Netflix is venturing into the underwater city of Rapture. The streamer has confirmed that it's collaborating with 2K and Take-Two Interactive on a feature film adaptation of the popular video game series Bioshock.
The news was announced via a social media post (opens in new tab) which confirmed the project is in development, and nothing else of note. There is no information on attached talent in front of or behind the camera, or any sort of release date. Even the image posted alongside the announcement is just recycled key art from the first Bioshock game.
Would you kindly…get excited because Netflix is partnering with 2K and Take-Two Interactive to produce a film adaptation of the renowned video game franchise BIOSHOCK! pic.twitter.com/lUqfaNlbc4February 15, 2022
The inclusion of this iconic artwork does at least suggest that the Netflix Bioshock movie will be primarily influenced by the first game in the series. Originally released in 2007, Bioshock is a critical acclaimed first-person shooter that is still widely praised for its compelling narrative and unique setting.
The game takes place in Rapture, a utopia under the sea that is no longer the paradise its founder Andrew Ryan envisioned. When we first see this desecrated city, it is overrun with zombified humans known as Splicers in the aftermath of violent civil war.
The game was followed by a direct sequel in 2010, and a spiritual successor in 2013 called Bioshock Infinite. While the third game in the series was set in a floating cloud city named Columbia, its two DLC expansions brought gamers back to Rapture.
There’s no indication if the Netflix movie will also include the setting Columbia. However, keen Bioshock players will know there is a possibility, as the two cities are heavily linked within the game's rich lore.
Netflix’s plan to make a Bioshock movie is not the first to surface either. In 2008 Universal announced a Gore Verbinski directed Bioshock film, but the project got stuck in development hell and was officially confirmed as cancelled in 2013. Let's hope this Netflix adaptation doesn’t meet the same fate (or maybe we should, see below).
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Analysis: Can Netflix get this video game adaptation right?
You can literally count the number of well received video game movies on one hand. Going by Rotten Tomatoes scores, there have been just four films (Angry Birds 2, Sonic the Hedgehog, Detective Pikachu, Werewolves Within) with a fresh rating among the whole rotten bunch, and even with those, your mileage may vary.
So, history says that movies that adapt video game franchises almost universally suck. It’s no wonder that the early reactions from fans of the Bioshock series has included begging requests for Netflix to not screw this one up. Count my voice among them.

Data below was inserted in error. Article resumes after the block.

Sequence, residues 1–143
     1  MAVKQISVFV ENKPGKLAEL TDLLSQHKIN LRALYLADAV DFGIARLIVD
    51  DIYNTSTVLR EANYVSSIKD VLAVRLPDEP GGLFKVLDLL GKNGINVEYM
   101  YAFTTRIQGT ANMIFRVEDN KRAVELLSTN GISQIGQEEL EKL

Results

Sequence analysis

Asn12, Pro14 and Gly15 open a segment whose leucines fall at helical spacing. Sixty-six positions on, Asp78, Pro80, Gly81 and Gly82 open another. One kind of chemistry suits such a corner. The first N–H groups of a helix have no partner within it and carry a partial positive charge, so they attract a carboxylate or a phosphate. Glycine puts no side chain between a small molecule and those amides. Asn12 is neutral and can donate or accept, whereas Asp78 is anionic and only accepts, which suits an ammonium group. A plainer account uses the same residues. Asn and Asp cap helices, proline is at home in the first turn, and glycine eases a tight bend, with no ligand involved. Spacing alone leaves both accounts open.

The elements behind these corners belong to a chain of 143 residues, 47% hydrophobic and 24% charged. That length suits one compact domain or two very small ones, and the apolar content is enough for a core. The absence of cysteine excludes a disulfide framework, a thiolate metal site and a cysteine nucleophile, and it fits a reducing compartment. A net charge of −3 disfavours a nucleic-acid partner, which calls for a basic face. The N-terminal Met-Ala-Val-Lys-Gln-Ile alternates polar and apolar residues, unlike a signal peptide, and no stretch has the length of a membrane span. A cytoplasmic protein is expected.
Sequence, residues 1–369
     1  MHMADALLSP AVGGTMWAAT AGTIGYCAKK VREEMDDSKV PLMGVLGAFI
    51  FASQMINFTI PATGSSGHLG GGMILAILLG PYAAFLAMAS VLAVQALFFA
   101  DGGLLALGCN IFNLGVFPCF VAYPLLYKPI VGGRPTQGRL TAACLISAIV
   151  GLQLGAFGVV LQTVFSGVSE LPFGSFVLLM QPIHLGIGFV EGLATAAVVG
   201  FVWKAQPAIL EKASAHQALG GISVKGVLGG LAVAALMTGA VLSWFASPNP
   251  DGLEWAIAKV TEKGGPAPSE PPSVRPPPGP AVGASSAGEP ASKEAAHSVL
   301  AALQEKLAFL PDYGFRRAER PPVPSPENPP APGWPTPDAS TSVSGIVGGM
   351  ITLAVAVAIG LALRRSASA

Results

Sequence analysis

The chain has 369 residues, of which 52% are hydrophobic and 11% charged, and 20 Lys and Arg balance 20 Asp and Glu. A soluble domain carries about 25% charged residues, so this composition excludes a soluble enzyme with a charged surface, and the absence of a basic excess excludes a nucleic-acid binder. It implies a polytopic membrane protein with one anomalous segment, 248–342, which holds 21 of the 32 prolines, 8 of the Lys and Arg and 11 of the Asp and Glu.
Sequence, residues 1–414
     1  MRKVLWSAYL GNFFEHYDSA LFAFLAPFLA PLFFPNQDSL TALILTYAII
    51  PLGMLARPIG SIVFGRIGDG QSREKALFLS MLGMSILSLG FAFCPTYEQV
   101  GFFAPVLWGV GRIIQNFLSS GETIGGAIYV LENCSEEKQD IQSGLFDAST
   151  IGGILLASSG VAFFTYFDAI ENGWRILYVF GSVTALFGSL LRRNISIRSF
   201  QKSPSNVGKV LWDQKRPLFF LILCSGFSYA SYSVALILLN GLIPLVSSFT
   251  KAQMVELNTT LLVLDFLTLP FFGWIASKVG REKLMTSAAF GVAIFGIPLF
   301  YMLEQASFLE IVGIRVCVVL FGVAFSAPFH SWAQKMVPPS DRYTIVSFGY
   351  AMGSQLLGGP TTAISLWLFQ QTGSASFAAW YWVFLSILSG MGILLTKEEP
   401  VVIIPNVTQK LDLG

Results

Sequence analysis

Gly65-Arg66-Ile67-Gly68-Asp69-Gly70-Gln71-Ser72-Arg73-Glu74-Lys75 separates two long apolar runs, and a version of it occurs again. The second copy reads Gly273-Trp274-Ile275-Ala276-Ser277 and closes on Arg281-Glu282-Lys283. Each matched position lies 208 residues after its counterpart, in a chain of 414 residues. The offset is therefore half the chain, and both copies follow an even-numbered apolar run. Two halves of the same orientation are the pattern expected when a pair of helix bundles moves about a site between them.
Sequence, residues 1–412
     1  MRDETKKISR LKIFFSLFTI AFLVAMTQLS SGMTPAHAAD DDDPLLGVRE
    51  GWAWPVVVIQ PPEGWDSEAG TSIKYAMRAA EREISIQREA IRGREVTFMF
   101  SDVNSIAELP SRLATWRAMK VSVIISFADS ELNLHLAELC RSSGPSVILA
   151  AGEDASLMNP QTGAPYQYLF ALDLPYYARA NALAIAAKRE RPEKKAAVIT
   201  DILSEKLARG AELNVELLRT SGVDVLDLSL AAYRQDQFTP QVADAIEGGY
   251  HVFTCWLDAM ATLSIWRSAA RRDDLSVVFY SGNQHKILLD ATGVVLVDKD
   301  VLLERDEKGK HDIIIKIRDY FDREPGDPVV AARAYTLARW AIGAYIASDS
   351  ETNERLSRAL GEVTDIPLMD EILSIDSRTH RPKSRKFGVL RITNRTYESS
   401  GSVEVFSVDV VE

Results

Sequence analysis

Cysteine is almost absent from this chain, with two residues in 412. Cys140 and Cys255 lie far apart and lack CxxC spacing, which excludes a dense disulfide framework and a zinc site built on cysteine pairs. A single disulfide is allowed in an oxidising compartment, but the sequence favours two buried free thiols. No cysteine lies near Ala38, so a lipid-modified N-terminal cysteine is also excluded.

pic.twitter.com/uonrNzrfosFebruary 15, 2022
If a Bioshock movie is going to work, it will first require a sizable budget. Shooting with water is notoriously expensive (it’s why Pirates of the Caribbean 4 is the most expensive movie ever made (opens in new tab)), and Bioshock is set in a city built on the ocean floor. Netflix will need to dig deep into its pockets if the movie is going to do the phenomenal setting of Rapture justice.
Secondly, the film has to be R-rated. One of the big reasons the previous Bioshock movie didn’t pan out was that Universal wanted a PG-13 film with mass appeal, and Verbinski wanted an adults only tale that remained true to Bioshock’s pretty bleak central narrative. Hopefully Netflix execs agree with Verbinski, and declare that Rapture isn’t a place for kids.
Netflix has done some well received work in the TV series space, most notably with The Witcher. Granted that’s a show I’ve personally struggled to stick with despite my love of the video game series. Furthermore, that show takes a lot of cues from the original Witcher novels and it’s second season has come under fire for making unnecessary changes to important characters (*cough*Eskel*cough*). So, it's example doesn't fill me with hope.
I'll be approaching the Netflix Bioshock movie with scepticism but I'm very much hoping to be proven pleasantly surprised. All I ask: Netflix would you kindly not screw this one up.
Next: Here's why there's never been a better time to play Bioshock.